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Sunday, June 2, 2013

US Muslims in a Global Context

A report released by the Pew Forum on Religion and Public Life ("The World's Muslims") suggests that American Muslims tend to be more moderate in their views than are Muslims worldwide. For example,
  • About half of U.S. Muslims say that all (7%) or most (41%) of their close friends are followers of Islam, and half say that some (36%) or hardly any (14%) of their close friends are Muslim. By contrast, Muslims in other countries typically report that all or most of their close friends are Muslim (global median = 95%)
  • This may help explain why the US is the only country where a majority of Muslims (56%) believe that people from other faiths can attain eternal life (64% of American Christians believe this). In most other countries, only a small minority of Muslims hold this belief (median = 18%). 
  • 81% of US Muslim respondents held that suicide bombing is never justified (7% said it was justified to defend Islam, and 1% said it was sometimes justified). Worldwide, most Muslims reject suicide bombing, but in some countries, significant minorities (e.g., Bangladesh (26%), Egypt (29%), Afghanistan (39%)) think it is sometimes justified.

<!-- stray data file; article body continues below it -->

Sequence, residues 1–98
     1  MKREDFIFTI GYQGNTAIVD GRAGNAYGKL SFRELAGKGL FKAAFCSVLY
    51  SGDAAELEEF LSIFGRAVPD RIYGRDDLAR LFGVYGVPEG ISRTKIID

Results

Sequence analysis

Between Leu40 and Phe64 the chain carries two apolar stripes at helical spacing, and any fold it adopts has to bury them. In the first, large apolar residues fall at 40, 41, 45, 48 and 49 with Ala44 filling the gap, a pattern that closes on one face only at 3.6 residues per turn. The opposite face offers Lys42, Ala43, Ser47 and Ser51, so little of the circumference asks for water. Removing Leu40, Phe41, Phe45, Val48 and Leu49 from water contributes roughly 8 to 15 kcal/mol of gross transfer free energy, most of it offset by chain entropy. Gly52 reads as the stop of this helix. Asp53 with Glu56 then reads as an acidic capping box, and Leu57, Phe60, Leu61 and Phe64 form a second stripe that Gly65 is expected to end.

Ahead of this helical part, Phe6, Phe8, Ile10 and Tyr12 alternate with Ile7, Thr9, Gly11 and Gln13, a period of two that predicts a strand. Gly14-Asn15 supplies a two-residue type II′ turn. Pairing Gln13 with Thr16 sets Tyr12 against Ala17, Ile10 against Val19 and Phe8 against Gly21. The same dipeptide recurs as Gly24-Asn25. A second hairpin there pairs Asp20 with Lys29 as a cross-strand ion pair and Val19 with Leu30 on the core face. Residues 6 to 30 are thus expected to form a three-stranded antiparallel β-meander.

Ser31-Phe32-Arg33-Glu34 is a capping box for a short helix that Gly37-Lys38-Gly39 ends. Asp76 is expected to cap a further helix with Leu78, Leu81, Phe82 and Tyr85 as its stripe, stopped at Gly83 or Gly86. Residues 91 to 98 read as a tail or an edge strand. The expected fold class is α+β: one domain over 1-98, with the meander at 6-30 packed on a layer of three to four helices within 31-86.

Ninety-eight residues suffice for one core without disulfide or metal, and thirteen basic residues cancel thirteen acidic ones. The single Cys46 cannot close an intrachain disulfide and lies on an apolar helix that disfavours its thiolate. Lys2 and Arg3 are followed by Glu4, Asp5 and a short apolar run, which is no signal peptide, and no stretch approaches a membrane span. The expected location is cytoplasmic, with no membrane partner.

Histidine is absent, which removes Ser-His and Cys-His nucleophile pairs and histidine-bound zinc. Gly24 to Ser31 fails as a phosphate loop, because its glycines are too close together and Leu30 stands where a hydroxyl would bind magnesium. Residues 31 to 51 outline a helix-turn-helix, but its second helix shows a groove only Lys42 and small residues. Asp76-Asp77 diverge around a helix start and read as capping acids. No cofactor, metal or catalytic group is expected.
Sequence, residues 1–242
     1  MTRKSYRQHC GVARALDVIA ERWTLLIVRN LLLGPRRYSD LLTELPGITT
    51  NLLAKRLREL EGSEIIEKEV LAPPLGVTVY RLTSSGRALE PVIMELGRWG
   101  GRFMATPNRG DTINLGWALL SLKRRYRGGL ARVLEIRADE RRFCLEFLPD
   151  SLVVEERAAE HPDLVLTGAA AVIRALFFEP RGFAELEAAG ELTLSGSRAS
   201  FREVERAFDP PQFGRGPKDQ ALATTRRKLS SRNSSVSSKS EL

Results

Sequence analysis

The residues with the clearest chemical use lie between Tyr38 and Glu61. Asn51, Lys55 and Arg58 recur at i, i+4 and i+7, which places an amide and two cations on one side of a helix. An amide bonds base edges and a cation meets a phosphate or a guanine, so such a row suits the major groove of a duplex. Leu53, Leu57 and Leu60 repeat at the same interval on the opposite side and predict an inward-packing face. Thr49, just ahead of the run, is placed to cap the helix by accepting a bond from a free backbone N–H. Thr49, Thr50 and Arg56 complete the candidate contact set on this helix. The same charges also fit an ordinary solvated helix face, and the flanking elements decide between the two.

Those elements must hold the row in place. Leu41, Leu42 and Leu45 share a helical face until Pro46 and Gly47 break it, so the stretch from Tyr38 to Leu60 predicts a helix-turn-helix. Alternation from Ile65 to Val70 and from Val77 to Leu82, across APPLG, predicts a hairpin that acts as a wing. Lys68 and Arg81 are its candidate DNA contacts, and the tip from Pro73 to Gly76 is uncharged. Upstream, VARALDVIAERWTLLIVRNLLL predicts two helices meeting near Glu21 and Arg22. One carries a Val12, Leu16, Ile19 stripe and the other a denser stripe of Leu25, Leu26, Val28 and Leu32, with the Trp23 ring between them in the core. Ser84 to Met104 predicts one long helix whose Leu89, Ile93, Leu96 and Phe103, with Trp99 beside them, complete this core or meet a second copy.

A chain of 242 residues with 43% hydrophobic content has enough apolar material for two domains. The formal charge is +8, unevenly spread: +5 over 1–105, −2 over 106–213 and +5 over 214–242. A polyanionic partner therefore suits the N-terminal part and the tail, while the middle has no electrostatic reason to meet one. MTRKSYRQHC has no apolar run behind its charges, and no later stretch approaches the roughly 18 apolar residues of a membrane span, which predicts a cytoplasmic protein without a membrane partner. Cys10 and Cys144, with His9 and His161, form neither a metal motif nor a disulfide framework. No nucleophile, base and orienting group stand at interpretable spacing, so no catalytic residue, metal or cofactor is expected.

• Approximately six-in-ten U.S. Muslims (59%) say that in general there is no conflict between science and religion. About half of Muslims worldwide agree with this statement.
  • With regards to evolution, however, 45% of US Muslims believe humans and other living things have evolved over time, while 44% disagree (46% of US Christians say they believe in evolution). Worldwide, slightly more than half of Muslims believe that humans evolved over time (median = 53%)
The report explores Mulsim views in seven categories: Islamic law, religion and politics, morality, women, relations among Muslims, interfaith relations, and religion, science and pop culture. It is based on a survey which involved more than 38,000 face-to-face interviews in over 80 languages with Muslims across Europe, Asia, the Middle East and Africa. It contains a special section US Muslims ("Appendix A: U.S. Muslims — Views on Religion and Society in a Global Context"), which compares the results of "The World Muslims" survey to a 2011 Pew Research Center survey of American Muslims.

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